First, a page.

Regarding Past at Noon
14 January – 04 March 2023
Robert Grunenberg is pleased to present “Regarding Past at Noon”, the first solo exhibition by Filip Henin, at Robert Grunenberg. On display are 14 new works by the artist, all of which have been created over the past year.
Regarding Past at Noon
14.01.2023 – 04.03.2023
Loven (2022) is a man swimming in the ice-blue water in full costume – one recognizes a brown jacket, under which a white shirt peeps out. You think you recognize his larval face from paintings by James Ensor, with its rosy complexion and thin mustache, the whiskers of which stretch across his cheeks like the smacks of a frat boy. But they could also be very fresh scratches. Possibly this gentleman in the water is a shipwrecked survivor? After all, he is swimming under a sky that is glowing red as if lit up by an explosion.
But then a hand drifts into the picture at the left edge, floating inexplicably in the fiery red sky. Painterly fantasy and intervention at the same time, the hand seems to emphasize the artistic calculation of the scenery. The shipwreck with the spectator is not a reportage, it takes place from the events on the canvas, the inherent logic of the painting process, which always remains a mystery for the viewer.
Filip Henin, born in 1986 in Mayen (DE), studied at the Hochschule für Bildende Künste Braunschweig, where he graduated under Walter Dahn. The times he spent with his family in the Italian Alps as a child and teenager were formative for him, and are then echoed in his paintings. In it, the isolated human figure in nature is a recurring motif. Sometimes they lie quite naturally in the midsummer yellow grass of the alpine meadows of his childhood, as in History in Me (2022), other times she sits smoking as a naked boy under a parasol with the inscription Alco (2022).
Admittedly, they are not stuck in the bright sand of the beach, but in the black earth of a desert-like, empty stretch of land.
The usual tourist-urban beach can certainly be found in Henin’s work, as in the place where modern man creates his Eden; where he enjoys himself naked and unarmed under palm trees, as in Parkin (2022) or Mother’s Wish (2022), where nature pretends to be serene – and where the artist’s landscape is not black, but his humor is, and the picturesque narrative, as in Company of Masters (2022), turns lurid and burlesque.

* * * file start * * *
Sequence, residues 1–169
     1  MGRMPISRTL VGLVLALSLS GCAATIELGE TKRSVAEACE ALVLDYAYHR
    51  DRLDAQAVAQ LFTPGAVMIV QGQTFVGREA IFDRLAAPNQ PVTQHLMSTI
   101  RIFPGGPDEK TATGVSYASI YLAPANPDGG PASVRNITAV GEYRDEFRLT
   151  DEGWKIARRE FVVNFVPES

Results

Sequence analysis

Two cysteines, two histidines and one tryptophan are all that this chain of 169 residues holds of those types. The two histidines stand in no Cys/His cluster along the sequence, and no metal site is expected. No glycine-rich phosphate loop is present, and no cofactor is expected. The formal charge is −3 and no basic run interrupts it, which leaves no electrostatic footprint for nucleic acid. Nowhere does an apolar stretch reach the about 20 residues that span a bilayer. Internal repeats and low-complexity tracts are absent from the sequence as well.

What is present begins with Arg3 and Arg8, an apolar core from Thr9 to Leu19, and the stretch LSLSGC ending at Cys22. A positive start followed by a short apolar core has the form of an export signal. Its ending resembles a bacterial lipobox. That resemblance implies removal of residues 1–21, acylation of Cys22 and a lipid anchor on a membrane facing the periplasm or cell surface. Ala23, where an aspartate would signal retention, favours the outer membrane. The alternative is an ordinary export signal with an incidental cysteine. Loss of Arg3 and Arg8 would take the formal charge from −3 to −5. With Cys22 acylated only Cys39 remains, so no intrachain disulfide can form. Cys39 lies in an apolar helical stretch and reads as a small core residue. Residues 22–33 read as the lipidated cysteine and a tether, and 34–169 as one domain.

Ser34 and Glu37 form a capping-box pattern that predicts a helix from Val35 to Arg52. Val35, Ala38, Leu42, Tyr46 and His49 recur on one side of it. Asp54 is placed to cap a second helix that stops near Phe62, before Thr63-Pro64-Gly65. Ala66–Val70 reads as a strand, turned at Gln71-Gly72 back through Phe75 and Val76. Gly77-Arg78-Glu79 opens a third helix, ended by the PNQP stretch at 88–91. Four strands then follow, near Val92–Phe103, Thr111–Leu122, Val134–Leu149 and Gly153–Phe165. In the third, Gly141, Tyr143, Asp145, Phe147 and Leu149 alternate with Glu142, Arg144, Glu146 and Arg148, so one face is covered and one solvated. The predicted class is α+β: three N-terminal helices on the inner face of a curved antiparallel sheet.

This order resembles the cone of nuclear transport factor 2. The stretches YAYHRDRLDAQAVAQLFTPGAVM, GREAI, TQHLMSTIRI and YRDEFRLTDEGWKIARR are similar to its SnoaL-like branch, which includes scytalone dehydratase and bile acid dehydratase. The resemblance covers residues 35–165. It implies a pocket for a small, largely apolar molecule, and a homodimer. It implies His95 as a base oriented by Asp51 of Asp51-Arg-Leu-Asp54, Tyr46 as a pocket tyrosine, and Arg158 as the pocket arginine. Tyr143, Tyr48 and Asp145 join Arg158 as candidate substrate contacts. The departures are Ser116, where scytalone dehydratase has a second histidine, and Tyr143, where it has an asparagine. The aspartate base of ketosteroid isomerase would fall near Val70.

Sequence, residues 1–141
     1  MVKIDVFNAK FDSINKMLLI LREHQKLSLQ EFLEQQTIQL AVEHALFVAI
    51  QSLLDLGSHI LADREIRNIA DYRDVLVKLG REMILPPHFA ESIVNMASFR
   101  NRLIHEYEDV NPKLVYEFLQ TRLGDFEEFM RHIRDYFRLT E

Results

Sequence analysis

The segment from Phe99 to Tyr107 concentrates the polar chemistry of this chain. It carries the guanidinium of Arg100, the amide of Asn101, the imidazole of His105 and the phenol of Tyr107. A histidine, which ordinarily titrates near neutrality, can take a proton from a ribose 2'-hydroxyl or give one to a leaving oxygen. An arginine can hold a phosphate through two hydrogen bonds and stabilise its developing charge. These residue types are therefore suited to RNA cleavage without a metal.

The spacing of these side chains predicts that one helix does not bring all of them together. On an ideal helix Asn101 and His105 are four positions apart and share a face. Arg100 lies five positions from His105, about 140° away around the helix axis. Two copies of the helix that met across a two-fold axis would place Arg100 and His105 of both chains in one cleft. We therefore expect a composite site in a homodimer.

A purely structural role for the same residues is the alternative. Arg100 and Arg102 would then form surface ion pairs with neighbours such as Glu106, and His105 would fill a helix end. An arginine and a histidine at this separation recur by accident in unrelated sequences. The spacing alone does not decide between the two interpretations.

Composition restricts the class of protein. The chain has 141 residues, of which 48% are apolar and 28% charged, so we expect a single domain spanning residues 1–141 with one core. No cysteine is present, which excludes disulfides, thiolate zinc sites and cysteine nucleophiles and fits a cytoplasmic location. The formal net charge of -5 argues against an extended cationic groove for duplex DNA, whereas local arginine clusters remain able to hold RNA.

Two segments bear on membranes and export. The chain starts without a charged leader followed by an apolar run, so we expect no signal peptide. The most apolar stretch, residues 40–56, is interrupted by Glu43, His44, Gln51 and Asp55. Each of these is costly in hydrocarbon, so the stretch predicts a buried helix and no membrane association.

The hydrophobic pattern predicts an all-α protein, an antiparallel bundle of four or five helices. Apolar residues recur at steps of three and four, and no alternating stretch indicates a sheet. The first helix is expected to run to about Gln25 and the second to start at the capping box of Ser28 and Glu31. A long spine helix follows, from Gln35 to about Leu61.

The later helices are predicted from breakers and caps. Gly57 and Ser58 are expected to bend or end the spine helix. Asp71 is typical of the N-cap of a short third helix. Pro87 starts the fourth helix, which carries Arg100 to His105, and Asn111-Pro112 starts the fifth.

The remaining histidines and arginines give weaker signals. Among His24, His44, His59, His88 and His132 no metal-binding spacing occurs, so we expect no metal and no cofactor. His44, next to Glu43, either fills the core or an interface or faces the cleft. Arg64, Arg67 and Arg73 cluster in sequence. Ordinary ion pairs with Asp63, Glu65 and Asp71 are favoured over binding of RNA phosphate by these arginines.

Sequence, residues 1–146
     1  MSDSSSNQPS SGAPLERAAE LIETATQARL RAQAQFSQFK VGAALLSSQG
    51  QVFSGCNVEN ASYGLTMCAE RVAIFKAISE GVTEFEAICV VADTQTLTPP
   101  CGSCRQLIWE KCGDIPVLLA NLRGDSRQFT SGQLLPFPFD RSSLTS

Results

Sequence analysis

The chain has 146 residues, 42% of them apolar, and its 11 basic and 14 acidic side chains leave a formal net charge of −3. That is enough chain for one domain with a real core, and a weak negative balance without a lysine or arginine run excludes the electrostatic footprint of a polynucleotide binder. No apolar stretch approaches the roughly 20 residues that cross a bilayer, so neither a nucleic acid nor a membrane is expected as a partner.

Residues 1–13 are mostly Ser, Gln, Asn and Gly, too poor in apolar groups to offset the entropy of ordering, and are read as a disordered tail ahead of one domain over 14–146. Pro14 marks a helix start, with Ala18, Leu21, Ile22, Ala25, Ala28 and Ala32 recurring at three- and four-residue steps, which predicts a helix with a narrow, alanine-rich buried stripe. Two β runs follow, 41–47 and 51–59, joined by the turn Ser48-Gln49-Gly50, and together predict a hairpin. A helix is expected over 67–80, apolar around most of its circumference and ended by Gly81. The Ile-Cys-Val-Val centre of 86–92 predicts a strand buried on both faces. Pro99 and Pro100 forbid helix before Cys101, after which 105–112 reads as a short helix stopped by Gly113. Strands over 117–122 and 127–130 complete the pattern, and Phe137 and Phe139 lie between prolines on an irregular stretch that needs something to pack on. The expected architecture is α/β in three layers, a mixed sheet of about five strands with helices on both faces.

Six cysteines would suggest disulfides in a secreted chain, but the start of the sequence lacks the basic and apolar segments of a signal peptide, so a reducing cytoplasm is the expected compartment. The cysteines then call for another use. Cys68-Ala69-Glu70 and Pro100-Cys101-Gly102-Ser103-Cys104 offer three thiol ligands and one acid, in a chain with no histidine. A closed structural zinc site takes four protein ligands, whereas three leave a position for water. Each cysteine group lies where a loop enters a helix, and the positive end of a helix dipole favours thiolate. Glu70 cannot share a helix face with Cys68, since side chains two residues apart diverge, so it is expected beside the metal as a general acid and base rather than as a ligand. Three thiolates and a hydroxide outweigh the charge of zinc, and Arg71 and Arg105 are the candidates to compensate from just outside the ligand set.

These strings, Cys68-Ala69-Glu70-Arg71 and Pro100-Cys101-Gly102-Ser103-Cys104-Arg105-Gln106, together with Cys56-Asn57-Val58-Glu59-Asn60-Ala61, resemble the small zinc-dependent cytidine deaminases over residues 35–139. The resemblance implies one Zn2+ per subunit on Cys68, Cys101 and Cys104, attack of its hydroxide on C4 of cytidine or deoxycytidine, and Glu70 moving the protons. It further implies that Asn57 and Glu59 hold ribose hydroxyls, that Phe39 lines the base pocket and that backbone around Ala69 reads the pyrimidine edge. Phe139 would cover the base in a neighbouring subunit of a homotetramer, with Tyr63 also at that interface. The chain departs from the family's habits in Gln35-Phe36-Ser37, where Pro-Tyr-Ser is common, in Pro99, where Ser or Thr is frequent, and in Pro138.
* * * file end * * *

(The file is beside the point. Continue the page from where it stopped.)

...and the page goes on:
The abysmal, and this is what distinguishes Filip Henin’s painterly work, is found in the open scene, it shows itself in broad daylight, in classical settings, in the eventually barely noticeable, but also sometimes in clear exaggeration; it is found in the references to contemporary influences, such as Miriam Cahn, Amelie von Wulffen or Raymond Pettibon, from whom Henin borrowed the green pumpkin head that lies next to Charlie (2022) on the night-black beach.
The trace of the disembodied head also leads to the Italian Transavanguardia, to Francesco Clemente and Mimmo Paladino. One thinks of the latter’s intense preoccupation with mythological themes in Filip Henin’s elegant greyhound as it watches Under the Tree (2022) over the two disembodied heads on an orange background, recalling the Capitoline she-wolf that suckled Romulus and Remus, the mythical founders of Rome. Without fail, the motif Floating Head (2022) refers to Odilon Redon, the French symbolist whom Henin holds in high esteem – just like the giant spider in No Title (2022).
As a fantastic spawn of climate change, one might think, this immense weaver-carnal appears above the romantic landscape with a male nude, in the greatest heat of the day, when something sinister is palpable in the idyll of nature, “as if the dreams of the noonday sleepers were creeping about,” as the poet Jean-Paul says. And doesn’t the exhibition title Regarding Past at Noon also speak of this hour of the pan? Therefore, we need not immediately fall into terror, mean to us the images of the exhibition, or better just that of a lucid painting.
Text: Brigitte Werneburg
For more information, please contact the gallery: firstname.lastname@example.org
This exhibition is supported by